Artist’s Dye Fading Part 1: Jun 1st – Jun 16th

Before I actually started conducting scientific research I had an idea of what it would be like. I assumed that because science is inherently a logical, structured field that research would follow a set path with defined end goals and checkpoints. However after a very interesting summer so far I have come to realize that the actual conducting of research is very much organic. While it is necessary to have a set end goal, the path to achieve it can change rapidly and give rise to new areas of interest.

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Single Molecule Investigation of Dye Fading in Anthroquinone Dyes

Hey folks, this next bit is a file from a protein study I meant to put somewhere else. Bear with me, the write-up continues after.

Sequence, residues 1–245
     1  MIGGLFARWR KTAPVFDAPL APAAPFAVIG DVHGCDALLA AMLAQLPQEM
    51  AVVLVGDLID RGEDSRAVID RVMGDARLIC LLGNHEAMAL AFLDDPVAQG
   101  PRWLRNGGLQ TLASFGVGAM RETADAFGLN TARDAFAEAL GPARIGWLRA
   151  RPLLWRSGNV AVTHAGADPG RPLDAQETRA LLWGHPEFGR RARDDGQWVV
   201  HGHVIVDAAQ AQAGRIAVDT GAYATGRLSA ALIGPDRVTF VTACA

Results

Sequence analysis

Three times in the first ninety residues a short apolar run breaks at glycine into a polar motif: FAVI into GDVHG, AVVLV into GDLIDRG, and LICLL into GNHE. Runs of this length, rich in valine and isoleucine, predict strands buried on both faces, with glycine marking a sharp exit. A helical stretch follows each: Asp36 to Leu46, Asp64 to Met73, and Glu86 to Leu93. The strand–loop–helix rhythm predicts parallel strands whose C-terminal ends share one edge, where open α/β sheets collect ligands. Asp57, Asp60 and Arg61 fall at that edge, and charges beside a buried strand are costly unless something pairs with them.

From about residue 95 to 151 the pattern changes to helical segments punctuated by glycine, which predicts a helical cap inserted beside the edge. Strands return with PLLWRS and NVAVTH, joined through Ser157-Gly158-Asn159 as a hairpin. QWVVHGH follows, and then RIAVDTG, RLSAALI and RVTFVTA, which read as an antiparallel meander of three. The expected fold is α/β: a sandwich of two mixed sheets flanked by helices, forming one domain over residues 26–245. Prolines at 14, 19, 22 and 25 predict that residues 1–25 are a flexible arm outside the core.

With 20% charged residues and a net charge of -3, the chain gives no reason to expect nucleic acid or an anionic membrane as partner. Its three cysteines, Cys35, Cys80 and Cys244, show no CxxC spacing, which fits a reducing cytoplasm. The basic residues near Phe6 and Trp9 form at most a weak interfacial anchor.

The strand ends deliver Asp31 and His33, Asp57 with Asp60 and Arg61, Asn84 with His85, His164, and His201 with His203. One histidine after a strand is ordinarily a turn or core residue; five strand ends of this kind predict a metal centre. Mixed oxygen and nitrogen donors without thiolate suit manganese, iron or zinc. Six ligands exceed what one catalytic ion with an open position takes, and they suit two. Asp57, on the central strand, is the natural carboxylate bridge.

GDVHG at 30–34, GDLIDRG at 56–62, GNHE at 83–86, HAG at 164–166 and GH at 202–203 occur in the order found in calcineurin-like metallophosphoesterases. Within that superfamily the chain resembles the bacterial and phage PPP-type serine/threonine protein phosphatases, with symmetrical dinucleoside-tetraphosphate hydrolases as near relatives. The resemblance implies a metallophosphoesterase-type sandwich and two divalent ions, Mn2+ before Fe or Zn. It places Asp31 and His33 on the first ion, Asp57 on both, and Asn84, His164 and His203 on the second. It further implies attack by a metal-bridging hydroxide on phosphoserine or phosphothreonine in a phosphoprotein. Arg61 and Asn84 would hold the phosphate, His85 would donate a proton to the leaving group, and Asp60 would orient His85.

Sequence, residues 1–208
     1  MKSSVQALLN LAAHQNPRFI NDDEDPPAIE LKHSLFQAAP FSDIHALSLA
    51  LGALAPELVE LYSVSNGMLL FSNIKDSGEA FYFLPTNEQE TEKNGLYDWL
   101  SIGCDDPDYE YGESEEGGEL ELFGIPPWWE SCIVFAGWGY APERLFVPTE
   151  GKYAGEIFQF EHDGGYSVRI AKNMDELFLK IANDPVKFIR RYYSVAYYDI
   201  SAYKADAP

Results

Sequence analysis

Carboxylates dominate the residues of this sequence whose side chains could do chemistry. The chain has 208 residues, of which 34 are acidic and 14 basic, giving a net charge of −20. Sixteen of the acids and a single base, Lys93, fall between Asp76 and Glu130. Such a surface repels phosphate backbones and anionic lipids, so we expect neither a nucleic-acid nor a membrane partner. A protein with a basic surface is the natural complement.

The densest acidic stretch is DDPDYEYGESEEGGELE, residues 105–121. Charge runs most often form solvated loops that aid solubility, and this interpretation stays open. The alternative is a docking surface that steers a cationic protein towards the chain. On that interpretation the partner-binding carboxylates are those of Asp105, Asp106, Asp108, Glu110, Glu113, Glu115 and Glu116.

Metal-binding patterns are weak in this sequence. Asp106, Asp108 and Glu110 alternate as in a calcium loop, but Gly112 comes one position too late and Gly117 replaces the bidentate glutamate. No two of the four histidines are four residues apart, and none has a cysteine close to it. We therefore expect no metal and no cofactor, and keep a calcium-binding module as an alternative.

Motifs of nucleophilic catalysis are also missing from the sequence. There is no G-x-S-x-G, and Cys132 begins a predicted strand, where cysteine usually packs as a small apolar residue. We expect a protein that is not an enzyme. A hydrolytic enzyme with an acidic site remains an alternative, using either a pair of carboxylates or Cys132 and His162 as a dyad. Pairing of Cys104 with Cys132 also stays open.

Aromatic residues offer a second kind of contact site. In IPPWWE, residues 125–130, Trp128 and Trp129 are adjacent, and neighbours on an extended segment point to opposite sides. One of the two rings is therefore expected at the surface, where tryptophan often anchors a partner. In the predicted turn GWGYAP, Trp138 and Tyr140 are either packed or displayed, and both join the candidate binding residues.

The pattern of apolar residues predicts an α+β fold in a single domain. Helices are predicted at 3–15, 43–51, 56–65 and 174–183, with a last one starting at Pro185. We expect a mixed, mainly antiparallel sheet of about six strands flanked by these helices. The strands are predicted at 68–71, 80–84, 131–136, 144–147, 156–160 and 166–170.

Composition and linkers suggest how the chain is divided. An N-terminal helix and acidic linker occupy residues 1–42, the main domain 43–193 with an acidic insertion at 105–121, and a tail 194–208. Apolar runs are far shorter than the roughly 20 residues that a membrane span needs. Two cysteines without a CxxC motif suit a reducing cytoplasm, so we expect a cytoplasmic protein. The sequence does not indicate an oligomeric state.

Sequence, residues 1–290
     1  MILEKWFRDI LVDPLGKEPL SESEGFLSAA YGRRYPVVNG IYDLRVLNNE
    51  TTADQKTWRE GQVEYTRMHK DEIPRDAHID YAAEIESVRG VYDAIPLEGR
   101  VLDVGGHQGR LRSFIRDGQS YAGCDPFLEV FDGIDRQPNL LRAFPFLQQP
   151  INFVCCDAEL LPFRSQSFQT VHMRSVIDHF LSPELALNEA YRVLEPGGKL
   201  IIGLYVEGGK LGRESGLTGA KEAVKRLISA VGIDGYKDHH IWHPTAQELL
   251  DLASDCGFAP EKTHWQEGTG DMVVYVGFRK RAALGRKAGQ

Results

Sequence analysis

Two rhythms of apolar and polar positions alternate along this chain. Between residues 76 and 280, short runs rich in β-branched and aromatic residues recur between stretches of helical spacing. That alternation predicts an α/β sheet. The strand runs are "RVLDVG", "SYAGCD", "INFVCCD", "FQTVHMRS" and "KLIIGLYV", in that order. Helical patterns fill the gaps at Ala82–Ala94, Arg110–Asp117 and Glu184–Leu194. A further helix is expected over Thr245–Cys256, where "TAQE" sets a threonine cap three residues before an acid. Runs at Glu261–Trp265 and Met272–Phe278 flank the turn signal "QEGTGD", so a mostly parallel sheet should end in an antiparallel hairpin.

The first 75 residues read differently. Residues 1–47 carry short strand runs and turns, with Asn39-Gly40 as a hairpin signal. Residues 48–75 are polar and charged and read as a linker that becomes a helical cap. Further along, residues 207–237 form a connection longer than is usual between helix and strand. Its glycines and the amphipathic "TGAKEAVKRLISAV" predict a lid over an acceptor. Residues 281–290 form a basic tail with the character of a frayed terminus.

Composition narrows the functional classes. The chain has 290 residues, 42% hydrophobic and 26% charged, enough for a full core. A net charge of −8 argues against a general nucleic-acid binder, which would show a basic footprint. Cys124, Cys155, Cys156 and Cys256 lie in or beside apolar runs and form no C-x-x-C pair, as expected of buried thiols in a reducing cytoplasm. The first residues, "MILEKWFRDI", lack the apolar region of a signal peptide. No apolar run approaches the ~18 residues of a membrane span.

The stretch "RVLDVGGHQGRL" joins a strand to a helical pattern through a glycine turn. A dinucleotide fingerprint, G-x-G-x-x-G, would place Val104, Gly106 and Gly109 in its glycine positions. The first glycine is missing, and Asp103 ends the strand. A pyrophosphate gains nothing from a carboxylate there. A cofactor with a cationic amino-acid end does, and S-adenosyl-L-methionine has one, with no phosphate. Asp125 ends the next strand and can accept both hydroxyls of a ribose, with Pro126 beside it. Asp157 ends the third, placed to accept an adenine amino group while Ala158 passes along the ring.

This summer I will be working in the Wustholz lab doing research on Antrhoquinone dye pigments using single molecule spectroscopy. These dye pigments are common in various historical artworks; including some that are part of the Colonial Williamsburg Collection. The problem with these pigments is that they tend to fade over time– destroying the painting. This study seeks to probe the photo physics of individual, isolated molecules using a technique known as single molecule spectroscopy in order to understand the mechanism by which these dyes fade which will ultimately allow us to better preserve priceless works of art. While studies have been done on these molecules before, they have not investigated the behavior of individual molecules in isolation which is crucial to determining the actual mechanism of the fading. So far single molecule data has been collected on all of the relevant anthroquinone dyes and all that is left is to correlate the data to functions and a physical theoretical mechanism.